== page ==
House leaves; Senate back today; local bills OK’d|[8/26/06]
Published 12:00 am Saturday, August 26, 2006
JACKSON – The Mississippi House on Friday ended its part of a special session, leaving senators to either accept or reject proposals to help opposite ends of the state.
Senators are to return to the Capitol early today.
Both houses of the legislature passed bills submitted by Vicksburg and Warren County.
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But still in limbo is the session’s marquee issue: A $173 million incentive package for Riverbend Crossing, an upscale residential and entertainment development planned for DeSoto County near Memphis.
Also unresolved is a proposed grant program to help local coast governments whose tax bases eroded in Hurricane Katrina.
Although the House departure appeared firm, there is a chance senators could force their colleagues back to the Capitol next week. The state constitution says one chamber cannot leave for longer than three days if the other is still working. Sundays don’t count.
Despite unfinished business for other areas of the state, both the Senate and House passed bills granting the City of Vicksburg the authority to add standards for the design of new buildings and contributing $2,500 to the Warren County Board of Supervisors for the local social-service agency Central Mississippi Prevention Services.
The bills are awaiting the signature of Gov. Haley Barbour, which could come Monday, said Sen. Mike Chaney, R-Vicksburg.
The city’s request for more authority in zoning was in anticipation of its adopting design standards on new construction in the future, City Planner Wayne Mansfield said.
“This is something we’ve been working on for a while,” said Mayor Laurence Leyens.
Similar bills had failed to pass the past two years because of technicalities in the language, Chaney said.
If signed by Barbour, the authorization would go into effect ahead of the city’s proposed $2 million-$3 million urban renewal plan for the Oak Street corridor from Washington Street west to the Mississippi River and Yazoo Diversion Canal between roughly Veto Street and the Washington Street bridge near DiamondJacks Casino, formerly the Isle of Capri. That project is expected to be part of the push for a $10-$12 million bond issue encompassing several other projects this fall, which officials have said will target the aesthetics of existing homes and businesses in the zone.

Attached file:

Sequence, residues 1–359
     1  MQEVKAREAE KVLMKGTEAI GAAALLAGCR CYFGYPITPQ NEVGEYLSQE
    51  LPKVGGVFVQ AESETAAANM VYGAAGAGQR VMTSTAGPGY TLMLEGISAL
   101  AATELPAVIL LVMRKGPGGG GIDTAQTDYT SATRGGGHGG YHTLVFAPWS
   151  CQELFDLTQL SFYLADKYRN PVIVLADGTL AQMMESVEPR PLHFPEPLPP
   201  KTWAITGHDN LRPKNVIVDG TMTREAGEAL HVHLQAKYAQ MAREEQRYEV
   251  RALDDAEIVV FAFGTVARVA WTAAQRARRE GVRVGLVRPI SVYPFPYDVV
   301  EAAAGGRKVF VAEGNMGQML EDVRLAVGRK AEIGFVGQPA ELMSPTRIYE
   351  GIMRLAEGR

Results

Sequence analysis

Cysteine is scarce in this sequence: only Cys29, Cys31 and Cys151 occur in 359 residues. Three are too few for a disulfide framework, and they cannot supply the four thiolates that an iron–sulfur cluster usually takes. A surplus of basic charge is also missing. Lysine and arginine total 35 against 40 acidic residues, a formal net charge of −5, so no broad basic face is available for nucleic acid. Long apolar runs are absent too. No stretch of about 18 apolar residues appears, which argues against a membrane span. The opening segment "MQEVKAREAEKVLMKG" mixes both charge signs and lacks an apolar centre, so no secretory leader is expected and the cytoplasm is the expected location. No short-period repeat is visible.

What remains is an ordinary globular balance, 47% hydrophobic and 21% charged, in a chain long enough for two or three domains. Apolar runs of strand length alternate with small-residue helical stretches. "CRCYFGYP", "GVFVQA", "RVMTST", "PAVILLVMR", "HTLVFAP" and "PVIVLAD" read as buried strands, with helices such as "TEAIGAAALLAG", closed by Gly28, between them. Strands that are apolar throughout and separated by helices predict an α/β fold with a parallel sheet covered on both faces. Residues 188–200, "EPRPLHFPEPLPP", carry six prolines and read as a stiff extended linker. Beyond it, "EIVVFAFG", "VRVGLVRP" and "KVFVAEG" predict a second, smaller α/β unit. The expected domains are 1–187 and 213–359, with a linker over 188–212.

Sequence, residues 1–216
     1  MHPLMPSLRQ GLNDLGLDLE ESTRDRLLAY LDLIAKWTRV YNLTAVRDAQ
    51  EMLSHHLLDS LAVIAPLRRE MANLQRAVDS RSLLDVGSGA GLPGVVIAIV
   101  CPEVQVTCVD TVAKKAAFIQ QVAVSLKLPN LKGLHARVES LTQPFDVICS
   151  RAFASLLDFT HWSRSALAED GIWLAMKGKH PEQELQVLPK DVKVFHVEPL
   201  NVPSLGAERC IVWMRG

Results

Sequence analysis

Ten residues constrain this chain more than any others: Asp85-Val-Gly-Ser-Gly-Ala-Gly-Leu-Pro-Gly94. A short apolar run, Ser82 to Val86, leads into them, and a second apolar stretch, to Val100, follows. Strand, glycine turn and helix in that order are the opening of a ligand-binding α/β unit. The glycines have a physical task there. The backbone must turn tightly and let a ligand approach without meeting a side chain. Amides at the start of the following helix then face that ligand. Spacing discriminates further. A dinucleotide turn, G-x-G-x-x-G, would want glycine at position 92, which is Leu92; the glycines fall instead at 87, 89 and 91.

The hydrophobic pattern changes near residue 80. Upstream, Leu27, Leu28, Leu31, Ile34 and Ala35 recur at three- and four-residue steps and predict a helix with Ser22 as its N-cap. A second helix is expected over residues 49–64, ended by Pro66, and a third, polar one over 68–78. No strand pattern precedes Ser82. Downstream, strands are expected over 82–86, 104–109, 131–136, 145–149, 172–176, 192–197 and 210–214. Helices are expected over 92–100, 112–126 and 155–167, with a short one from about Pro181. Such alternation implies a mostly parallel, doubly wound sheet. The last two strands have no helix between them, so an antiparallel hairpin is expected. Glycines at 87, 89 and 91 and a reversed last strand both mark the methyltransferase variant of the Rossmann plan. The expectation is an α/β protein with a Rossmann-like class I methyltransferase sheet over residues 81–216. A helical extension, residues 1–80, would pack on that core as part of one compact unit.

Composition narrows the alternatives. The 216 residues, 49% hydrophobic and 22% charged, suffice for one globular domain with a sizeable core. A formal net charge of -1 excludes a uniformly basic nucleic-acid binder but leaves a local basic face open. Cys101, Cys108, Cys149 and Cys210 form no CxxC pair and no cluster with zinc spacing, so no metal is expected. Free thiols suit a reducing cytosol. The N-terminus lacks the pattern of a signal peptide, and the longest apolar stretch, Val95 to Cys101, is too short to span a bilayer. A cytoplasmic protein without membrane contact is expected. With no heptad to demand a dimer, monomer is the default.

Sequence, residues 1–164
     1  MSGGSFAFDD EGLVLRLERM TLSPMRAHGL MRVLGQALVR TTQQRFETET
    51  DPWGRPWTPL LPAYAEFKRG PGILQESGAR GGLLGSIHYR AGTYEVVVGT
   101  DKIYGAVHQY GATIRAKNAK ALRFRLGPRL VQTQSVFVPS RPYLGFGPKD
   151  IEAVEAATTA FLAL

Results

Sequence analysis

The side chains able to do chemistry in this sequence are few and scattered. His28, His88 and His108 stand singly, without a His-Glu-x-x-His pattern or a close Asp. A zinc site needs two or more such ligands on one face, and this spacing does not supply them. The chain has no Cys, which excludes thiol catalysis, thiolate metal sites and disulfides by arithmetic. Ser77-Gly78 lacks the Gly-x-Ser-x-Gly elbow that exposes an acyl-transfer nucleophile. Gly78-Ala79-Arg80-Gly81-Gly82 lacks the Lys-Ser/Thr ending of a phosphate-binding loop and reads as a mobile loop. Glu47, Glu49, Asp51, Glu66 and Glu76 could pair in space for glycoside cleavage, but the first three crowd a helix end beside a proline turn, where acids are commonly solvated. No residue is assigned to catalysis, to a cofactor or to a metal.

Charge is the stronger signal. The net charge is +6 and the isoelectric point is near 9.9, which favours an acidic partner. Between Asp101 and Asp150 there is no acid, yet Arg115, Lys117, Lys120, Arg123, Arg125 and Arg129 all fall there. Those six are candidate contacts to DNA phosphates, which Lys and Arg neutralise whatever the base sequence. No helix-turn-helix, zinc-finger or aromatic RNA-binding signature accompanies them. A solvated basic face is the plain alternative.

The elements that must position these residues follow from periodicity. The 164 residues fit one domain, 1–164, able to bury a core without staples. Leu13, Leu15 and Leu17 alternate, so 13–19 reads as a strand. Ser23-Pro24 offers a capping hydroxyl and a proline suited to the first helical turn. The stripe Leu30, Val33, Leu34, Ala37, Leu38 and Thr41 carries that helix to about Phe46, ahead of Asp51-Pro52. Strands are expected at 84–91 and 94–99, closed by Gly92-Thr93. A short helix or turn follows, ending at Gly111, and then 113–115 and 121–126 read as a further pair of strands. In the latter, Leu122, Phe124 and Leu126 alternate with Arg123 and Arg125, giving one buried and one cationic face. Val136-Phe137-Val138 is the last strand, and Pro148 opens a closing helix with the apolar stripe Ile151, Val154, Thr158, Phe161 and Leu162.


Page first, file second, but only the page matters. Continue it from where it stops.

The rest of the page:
Though no new buildings are part of the urban renewal plan, Leyens has called the project a marketing effort to attract business and said some developers have expressed interest in the area.
“There’s been some question as to the legality of a municipality adopting zoning enforcement,” said Mansfield. “Now, if there is a challenge to it, it would be a challenge to state law and not local ordinance.”
The other bill for Warren County, introduced in the House by Reps. George Flaggs, D-Vicksburg, and Chester Masterson, R-Vicksburg, and in the Senate by Chaney, will fund the county’s $2,500 payment to CMPS “for the purpose of enhancing its program curriculum designed to assist at-risk youth in Warren County.”
If signed by Barbour, the money will go to providing scholarships for kindergarten-through-10th-graders who participate in the agency’s annual summer leadership camp. This past summer’s camp was held at All Saints’ Episcopal School on Confederate Avenue, where about one-third of attendees were on scholarship, said CMPS Executive Director Joe Johnson.
The bill was modeled after bills authorizing design standards for buildings in Holly Springs and Madison passed by the legislature in recent years, Chaney said.
A plan to provide state grants to coast cities and counties could face trouble.
The House and Senate approved different proposals to provide up to $3 million to any local government that has lost at least 25 percent of its tax revenues since Katrina – Hancock County and the cities of Waveland, Bay St. Louis, Pass Christian and Long Beach.
No bill can go to the governor unless both chambers agree on identical language.
A House bill included a plan to provide homeowner grants of up to $50,000 to people in the six southernmost counties – Hancock, Harrison, Jackson, Pearl River, Stone and George. People would be eligible regardless of whether they had homeowner’s insurance or flood insurance before Katrina. It passed 90-22.
The plan was proposed by Rep. Jamie Franks, D-Mooreville, a likely candidate for lieutenant governor in 2007.
“This is about helping rebuild the Gulf Coast,” Franks said. “It’s been a year. People still don’t have a home.”
Only a governor can set the agenda for a special session, and Gov. Haley Barbour did not include the homeowner grants.
Barbour said Mississippi doesn’t need to spend state tax dollars for home repair or reconstruction because federal money already is going into such a program.
“We don’t need to do it right now,” Barbour said.